Visiting California Fires, President Trump Denies Climate Change Trump declined to acknowledge the role climate change likely plays in fueling the flames. In Delaware, Democratic challenger Joe Biden addressed the disasters' links to human-caused climate change.
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Visiting California Fires, President Trump Denies Climate Change

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Visiting California Fires, President Trump Denies Climate Change

Visiting California Fires, President Trump Denies Climate Change

Visiting California Fires, President Trump Denies Climate Change

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  • <iframe src="https://www.npr.org/player/embed/912996956/912996957" width="100%" height="290" frameborder="0" scrolling="no" title="NPR embedded audio player">
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Trump declined to acknowledge the role climate change likely plays in fueling the flames. In Delaware, Democratic challenger Joe Biden addressed the disasters' links to human-caused climate change.

RACHEL MARTIN, HOST:

The wildfires in the West have burned down entire towns and upended the lives of millions of people. Many have lost homes; so many more just can't even go outside because the air is thick with ash and smoke. The fires have also forced President Trump to confront the realities of climate change, which he has, so far, refused to do. He was in California yesterday getting a briefing from state officials, and KQED'S Katie Orr was there. She joins us now from Sacramento. Katie, good morning. You were at this event with the president. The press was there and asking questions, and you actually asked him straight up about climate change, right?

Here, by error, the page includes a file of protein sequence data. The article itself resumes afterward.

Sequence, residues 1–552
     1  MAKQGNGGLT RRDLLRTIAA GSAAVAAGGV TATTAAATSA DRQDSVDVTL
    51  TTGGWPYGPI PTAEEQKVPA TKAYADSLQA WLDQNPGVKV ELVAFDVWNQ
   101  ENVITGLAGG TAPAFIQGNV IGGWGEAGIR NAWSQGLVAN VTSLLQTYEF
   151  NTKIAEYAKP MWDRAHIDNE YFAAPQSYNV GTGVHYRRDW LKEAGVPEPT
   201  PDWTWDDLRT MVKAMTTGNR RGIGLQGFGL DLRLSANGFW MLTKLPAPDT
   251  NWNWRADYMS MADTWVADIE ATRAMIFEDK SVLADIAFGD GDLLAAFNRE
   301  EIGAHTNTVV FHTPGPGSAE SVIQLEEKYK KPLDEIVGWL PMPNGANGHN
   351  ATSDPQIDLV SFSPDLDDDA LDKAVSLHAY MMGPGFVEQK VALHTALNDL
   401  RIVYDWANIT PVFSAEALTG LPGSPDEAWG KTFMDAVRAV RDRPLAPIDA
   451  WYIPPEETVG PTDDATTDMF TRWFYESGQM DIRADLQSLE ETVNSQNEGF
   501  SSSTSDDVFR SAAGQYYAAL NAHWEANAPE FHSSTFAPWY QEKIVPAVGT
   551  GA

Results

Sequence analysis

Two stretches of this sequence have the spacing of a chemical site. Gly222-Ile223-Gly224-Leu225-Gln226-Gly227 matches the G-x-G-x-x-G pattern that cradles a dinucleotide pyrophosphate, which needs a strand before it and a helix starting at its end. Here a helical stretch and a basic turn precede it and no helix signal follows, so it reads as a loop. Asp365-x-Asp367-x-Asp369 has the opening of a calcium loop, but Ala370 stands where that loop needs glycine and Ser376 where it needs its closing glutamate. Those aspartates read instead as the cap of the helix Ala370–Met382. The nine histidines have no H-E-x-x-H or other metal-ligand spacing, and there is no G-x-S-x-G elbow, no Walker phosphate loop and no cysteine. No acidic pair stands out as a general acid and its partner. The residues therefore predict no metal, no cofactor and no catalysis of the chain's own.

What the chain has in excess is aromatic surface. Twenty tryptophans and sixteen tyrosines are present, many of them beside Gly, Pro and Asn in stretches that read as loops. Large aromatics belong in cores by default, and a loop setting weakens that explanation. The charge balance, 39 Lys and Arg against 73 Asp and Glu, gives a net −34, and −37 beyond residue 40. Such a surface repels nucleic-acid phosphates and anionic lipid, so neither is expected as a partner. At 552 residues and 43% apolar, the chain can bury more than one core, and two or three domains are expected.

KATIE ORR, BYLINE: I did. I asked the president what role he thinks climate change plays in these fires, and he insisted, as he has for years, that it's all about forest management, that years of letting the forests become overgrown and not well tended have turned them into tinderboxes. The president's argument was met with resistance from officials here on the ground, including California Governor Gavin Newsom, who urged the president to reconsider his stance in light of what the state has experienced in recent years.

(SOUNDBITE OF ARCHIVED RECORDING)

GAVIN NEWSOM: The hottest August ever in the history of the state, the ferocity of these fires, the drought five-plus years, losing 163 million trees to that drought - something's happened to the plumbing of the world.

MARTIN: So there's Governor Newsom, wearing a mask, we should say - President Trump not wearing a mask. They're in this kind of intense conversation. How did the president respond to that?

ORR: He didn't seem to appreciate it. In one exchange, California's natural resources secretary, Wade Crowfoot, repeated the central role of climate change in these fires, and Trump pretty much dismissed him, as we can hear.

(SOUNDBITE OF ARCHIVED RECORDING)

PRESIDENT DONALD TRUMP: It'll start getting cooler.

WADE CROWFOOT: I wish...

TRUMP: You just watch.

CROWFOOT: I wish science agreed with you.

TRUMP: Well, I don't think science knows, actually.

ORR: And it's interesting - we're less than two months from the presidential election, but the president's comments were not really intended for voters in California, and that's for two reasons. First, everyone assumes California will vote Democratic in November. And here in the state, pretty much across the political spectrum, climate change and the science behind it are not in dispute by politicians or by voters. The president's message that California is itself to blame for the massive wildfires seems directed at his supporters in other states. And, by the way, we should mention, it's worth noting that Governor Newsom pointed out the federal government owns close to 60% of the forest land in California, while the state owns just 3%.

MARTIN: The implication there being that it's actually under President Trump's purview. So can you just give us the latest on the fires this morning? Where do they stand?

ORR: There are 28 major fires burning throughout the state right now with more than 16,000 firefighters working to contain them. And we have people who've gone through these fires and are waking up to a landscape marked by worry. My colleague in Fresno, Alex Hall, spoke with Lee Zarasuwa (ph) and her husband David (ph). They feared their house had burned down.

LEE ZARASUWA: What can you say? It's scary, especially the first couple of days. The fire was moving so quickly that, you know, we had no idea if the house would survive. So I think that's how everyone feels. And I know there are several houses on the next street, on Auberry Road, that were completely destroyed.

MARTIN: So many people dealing with so much loss. Katie Orr of KQED, we appreciate it. Thanks.

ORR: You're welcome.

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